U.S. Attorney General Eric Holder today announced revisions to the Uniform Crime Report’s definition of rape, which the Justice Department says will lead to a more comprehensive statistical reporting of rape nationwide.
Holder said the new definition is more inclusive, better reflects state criminal codes, and focuses on the various forms of sexual penetration understood to be rape. The revision had been urged by women's advocacy groups and was approved by an FBI advisory committee. FBI Director Robert Mueller approved the new official definition on Dec. 21, 2011.
The Justice Department held a conference call announcing the official change. Participants included: Valerie Jarrett, Senior Advisor to the President; Lynn Rosenthal,White House Advisor on Violence Against Women; Susan B. Carbon, Director of the Justice Department's Office on Violence Against Women; and David Cuthbertson, FBI Assistant Director of the Criminal Justice Information Services Division.
Jarrett commended the definition as a more inclusive way to get a better understanding of rape in the country and said: "Definitions matter because people matter."
The change has been almost a decade in the making, as The Crime Report previously reported, with a series of advisory and listening meetings on a new definition.
The old definition, which was proposed in 1927 and signed into law in 1929, defined rape as "the carnal knowledge of a female, forcibly and against her will."
The new definition is: “The penetration, no matter how slight, of the vagina or anus with any body part or object, or oral penetration by a sex organ of another person, without the consent of the victim.” This new definition now includes men and boys to provide a fuller picture of rape in America.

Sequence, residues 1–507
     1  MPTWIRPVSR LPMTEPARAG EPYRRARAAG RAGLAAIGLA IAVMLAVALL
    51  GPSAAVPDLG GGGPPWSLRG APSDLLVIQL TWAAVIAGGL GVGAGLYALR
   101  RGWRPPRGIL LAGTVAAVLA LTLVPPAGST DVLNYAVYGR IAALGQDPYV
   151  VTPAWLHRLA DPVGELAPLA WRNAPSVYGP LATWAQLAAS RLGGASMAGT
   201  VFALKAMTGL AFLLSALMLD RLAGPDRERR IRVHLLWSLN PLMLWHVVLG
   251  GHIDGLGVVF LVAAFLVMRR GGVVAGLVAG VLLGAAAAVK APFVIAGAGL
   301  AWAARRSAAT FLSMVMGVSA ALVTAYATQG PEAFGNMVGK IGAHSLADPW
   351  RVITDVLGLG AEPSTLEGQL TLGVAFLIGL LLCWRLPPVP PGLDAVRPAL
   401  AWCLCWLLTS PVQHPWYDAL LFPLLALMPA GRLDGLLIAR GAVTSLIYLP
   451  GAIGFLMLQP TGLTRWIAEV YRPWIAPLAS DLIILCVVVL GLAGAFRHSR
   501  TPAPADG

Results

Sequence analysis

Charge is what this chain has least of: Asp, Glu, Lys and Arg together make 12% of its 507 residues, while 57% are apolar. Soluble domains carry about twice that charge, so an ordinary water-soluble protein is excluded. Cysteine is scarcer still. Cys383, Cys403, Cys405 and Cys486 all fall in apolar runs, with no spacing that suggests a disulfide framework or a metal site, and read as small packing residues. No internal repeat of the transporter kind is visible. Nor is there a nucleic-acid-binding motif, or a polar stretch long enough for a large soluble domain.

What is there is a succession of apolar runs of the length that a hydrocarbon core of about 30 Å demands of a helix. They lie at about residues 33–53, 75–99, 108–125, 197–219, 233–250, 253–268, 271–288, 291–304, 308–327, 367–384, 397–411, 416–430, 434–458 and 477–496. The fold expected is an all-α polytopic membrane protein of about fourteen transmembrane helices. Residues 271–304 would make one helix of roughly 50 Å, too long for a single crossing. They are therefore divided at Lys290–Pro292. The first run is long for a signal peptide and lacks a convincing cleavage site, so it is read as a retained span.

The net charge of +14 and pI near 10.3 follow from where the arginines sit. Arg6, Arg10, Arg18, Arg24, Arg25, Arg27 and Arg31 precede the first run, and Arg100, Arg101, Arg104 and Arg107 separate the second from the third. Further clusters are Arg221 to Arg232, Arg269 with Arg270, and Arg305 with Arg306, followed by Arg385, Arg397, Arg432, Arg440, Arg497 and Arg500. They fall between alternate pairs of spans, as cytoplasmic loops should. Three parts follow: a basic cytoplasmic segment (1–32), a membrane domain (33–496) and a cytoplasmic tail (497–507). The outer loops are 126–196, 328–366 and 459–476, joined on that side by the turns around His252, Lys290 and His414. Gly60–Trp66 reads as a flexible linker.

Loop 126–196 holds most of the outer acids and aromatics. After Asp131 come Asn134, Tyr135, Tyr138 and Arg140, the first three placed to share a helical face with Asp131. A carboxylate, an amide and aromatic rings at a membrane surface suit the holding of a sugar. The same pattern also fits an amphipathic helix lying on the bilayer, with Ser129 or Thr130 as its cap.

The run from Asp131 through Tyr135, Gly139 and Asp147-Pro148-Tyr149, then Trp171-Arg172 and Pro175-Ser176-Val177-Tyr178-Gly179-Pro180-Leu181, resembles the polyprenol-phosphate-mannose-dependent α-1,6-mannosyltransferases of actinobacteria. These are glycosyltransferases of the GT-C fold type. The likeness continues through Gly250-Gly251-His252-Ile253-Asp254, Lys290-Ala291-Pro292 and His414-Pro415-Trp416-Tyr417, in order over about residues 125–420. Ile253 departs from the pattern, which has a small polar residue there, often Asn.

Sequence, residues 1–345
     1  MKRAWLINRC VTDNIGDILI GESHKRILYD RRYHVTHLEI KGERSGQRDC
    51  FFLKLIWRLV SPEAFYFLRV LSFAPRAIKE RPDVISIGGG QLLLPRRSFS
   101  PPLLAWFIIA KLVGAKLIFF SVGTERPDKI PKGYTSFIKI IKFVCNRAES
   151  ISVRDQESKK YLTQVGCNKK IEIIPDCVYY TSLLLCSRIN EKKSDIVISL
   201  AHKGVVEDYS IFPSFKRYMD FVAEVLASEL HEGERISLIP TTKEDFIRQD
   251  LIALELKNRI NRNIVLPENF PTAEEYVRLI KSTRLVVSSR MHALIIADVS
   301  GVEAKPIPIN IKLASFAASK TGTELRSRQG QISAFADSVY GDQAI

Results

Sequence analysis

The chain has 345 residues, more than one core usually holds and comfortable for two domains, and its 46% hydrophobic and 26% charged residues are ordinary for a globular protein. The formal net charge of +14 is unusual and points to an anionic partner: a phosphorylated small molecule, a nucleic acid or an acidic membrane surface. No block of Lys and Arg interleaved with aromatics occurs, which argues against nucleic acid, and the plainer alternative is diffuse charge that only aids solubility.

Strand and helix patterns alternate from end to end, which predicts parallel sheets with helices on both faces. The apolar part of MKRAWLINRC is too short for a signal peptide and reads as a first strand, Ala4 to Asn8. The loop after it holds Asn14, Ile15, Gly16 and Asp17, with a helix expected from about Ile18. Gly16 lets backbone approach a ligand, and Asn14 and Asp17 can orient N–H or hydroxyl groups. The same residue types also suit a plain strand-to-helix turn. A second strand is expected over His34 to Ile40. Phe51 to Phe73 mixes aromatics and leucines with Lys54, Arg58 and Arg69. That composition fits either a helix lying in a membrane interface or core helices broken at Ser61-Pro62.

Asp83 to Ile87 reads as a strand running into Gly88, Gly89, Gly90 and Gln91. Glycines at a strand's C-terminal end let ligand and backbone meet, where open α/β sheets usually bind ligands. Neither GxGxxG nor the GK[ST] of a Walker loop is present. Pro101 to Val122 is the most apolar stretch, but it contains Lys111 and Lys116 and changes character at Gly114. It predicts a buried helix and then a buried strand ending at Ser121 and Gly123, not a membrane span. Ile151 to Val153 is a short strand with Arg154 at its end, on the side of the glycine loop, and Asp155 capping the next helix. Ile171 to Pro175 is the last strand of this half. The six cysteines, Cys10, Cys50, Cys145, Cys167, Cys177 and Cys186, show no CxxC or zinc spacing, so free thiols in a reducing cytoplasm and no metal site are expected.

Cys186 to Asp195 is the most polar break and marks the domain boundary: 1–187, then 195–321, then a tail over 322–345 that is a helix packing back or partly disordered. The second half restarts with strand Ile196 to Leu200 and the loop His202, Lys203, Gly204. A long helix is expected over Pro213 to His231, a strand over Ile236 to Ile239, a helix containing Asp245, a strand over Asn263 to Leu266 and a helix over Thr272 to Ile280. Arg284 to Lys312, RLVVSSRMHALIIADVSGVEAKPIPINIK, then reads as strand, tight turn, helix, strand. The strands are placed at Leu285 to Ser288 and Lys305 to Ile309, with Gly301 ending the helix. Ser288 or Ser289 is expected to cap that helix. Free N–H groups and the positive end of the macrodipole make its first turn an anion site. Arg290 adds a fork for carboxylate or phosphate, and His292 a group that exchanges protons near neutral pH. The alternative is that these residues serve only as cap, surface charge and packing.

A recent Centers for Disease Control Study reported that as many as 1 in 3 women have experienced rape, physical violence or stalking by an intimate partner in their lifetimes, and about 1 in 10 men.
In 2010, the FBI reported 84,767 rapes. The complete numbers for 2011 Uniform Crime Report have not yet been reported, but the FBI issued a preliminary report showing a 6.4 decrease in violent crimes during the first six months of 2011.
In addition to forcible rape, violent crimes reported by the UCR also include murder, robbery, and aggravated assault.
Experts expect the numbers of reported rape to increase over the next few years once the new tools are fully implemented.
“Rape is a devastating crime and we can’t solve it unless we know the full extent of it,” said Vice President Joe Biden, a leader in the effort to end violence against women 20 years and prime author of the 1994 Violence Against Women Act.
“This long-awaited change to the definition of rape is a victory for women and men across the country whose suffering has gone unaccounted for over 80 years.”
Cara Tabachnick is managing editor of The Crime Report. Ted Gest is president of Criminal Justice Journalists and a contributing editor of The Crime Report. They welcome readers' comments.